Many people have heard of the “Marshmallow Test,” Walter Mischel’s famous experiment testing the patience and self-control of preschoolers in the early 1960s. The children were seated next to a table with a marshmallow on a plate, and told if they could wait 15 minutes without eating it they would be able to get another marshmallow. The videos of these cute kids trying to resist the lure of a single marshmallow are as wonderful to watch as they are instructive in how difficult it is to defer gratification; only a third of the children were able to wait long enough to get the second marshmallow.
Interesting for sure but hardly earth-shaking information. The study would gradually fade into scholarly oblivion and that might have been the end of it for the Marshmallow Test. Then in 2006 Mischel published a follow-up study that tracked the original subjects 40 years later—and those results blew the cover off the ball.
The follow-up study revealed that the children who were able to wait for a second marshmallow ended up with dramatically higher SAT scores, higher GPAs in college, greater earnings during their working life—even lower body-mass indexes—than those children who could not wait. The attributes of patience and self-control were not merely useful in gaining an additional marshmallow, but rather harbingers of a better, richer and more fulfilling life. The Marshmallow Test became a common metaphor for that insight.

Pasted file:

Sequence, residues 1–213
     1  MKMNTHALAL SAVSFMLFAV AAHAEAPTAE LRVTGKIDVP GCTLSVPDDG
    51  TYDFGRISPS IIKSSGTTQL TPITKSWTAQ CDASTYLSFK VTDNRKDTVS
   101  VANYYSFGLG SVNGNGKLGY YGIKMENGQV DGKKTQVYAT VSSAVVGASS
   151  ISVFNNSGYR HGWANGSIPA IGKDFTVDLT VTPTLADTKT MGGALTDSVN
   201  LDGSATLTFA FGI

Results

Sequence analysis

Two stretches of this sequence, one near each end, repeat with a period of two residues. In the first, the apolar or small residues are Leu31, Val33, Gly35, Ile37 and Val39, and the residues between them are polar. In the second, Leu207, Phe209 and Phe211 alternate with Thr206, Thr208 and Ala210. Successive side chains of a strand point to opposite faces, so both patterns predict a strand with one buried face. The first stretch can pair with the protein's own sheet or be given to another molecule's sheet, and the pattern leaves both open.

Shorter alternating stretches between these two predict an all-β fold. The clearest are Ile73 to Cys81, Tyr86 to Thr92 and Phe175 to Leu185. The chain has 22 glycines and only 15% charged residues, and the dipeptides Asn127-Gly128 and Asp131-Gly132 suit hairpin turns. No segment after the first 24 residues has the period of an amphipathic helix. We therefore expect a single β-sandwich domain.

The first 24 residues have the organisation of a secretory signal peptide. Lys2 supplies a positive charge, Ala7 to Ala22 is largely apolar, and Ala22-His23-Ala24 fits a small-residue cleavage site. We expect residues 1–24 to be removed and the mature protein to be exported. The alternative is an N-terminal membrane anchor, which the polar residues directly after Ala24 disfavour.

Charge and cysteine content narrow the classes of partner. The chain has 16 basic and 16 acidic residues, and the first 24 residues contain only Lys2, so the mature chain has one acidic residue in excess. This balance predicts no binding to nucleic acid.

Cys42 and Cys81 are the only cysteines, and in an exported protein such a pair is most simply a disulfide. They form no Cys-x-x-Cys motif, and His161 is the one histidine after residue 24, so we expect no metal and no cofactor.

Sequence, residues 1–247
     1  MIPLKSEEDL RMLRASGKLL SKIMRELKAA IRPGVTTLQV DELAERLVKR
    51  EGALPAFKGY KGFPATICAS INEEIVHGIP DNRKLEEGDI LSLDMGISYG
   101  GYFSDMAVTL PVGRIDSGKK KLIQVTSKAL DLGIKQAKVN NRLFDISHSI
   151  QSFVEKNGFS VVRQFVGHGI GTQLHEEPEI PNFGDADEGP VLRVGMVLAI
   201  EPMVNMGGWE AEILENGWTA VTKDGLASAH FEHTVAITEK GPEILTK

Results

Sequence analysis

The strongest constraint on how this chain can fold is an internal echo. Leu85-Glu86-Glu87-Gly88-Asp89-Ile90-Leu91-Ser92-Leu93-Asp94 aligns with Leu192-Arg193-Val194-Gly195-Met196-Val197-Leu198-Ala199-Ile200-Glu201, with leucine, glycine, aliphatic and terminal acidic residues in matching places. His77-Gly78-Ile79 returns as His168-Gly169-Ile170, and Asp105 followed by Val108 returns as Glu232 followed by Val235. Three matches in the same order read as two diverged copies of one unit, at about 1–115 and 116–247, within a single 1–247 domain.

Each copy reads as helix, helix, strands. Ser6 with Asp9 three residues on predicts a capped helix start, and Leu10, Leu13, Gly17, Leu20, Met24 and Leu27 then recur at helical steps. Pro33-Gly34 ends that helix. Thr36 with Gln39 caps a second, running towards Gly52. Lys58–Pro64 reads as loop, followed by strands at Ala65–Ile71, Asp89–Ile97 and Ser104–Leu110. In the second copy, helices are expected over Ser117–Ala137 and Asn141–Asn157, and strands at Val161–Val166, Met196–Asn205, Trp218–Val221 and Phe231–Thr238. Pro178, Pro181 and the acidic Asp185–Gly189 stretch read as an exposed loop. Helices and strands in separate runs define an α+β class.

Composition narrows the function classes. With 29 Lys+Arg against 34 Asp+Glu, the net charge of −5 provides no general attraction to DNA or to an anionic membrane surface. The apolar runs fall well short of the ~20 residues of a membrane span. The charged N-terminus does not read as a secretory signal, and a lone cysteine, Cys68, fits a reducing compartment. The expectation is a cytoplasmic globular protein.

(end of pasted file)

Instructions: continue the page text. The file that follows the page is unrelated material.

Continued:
In retrospect the lessons seem obvious and self-evident. Given the fact they are ignored regularly by so many people, one would wonder which is more notable—the lessons or the irrational behavior? Of course I am not talking about 5-year-olds. I am talking about full grown adult investors who understand the value of patience and deferred gratification, but are simply incapable of putting into action what they know in their heads.
Being a patient investor does not mean you are absolutely certain about the future or that you have to ignore current events. Being a patient investor means that you are discerning enough and willing enough to accept the kinds of risks whose actualization and ultimate repair exist over time periods that exceed the patience of most other investors, and therefore can be exploited for substantial and recurring profit. Experienced investors commonly refer to this as “time arbitrage.”
Because of the growing popularity of behavioral economics, we now understand that we stand in the way of our own success far more often than we realize. Less well-known, but an equally persistent and powerful enemy to our patience, is a side effect of some of the impressive and useful technology most of us rely upon daily to connect to each other and the world; the same technology that has greatly improved our productivity and our lives.
I was an early adopter of technology. I bought my first PC in 1983, quickly saw the benefits of email, wireless and the Internet, was the first on my block to get a broadband connection, and became completely paperless before the end of the 20th century. I can say with total confidence that I could not run my business with anywhere close to the flexibility, efficiency or effectiveness that these incredible tools have afforded me—and without question my personal life is better as a result of advances that even to this day amaze me.
Yet with every benefit there’s always a cost—and this particular cost was one I could never have imagined.
I’ve always been an avid reader. About four years ago I noticed that my normal capacity to spend long hours of uninterrupted reading was just not there anymore. I assumed it was because I was getting older. About the same time I read Nicholas Carr’s book “The Shallows.” Carr related that his ability to concentrate wasn’t what it used to be and his long reading spells were becoming non-existent.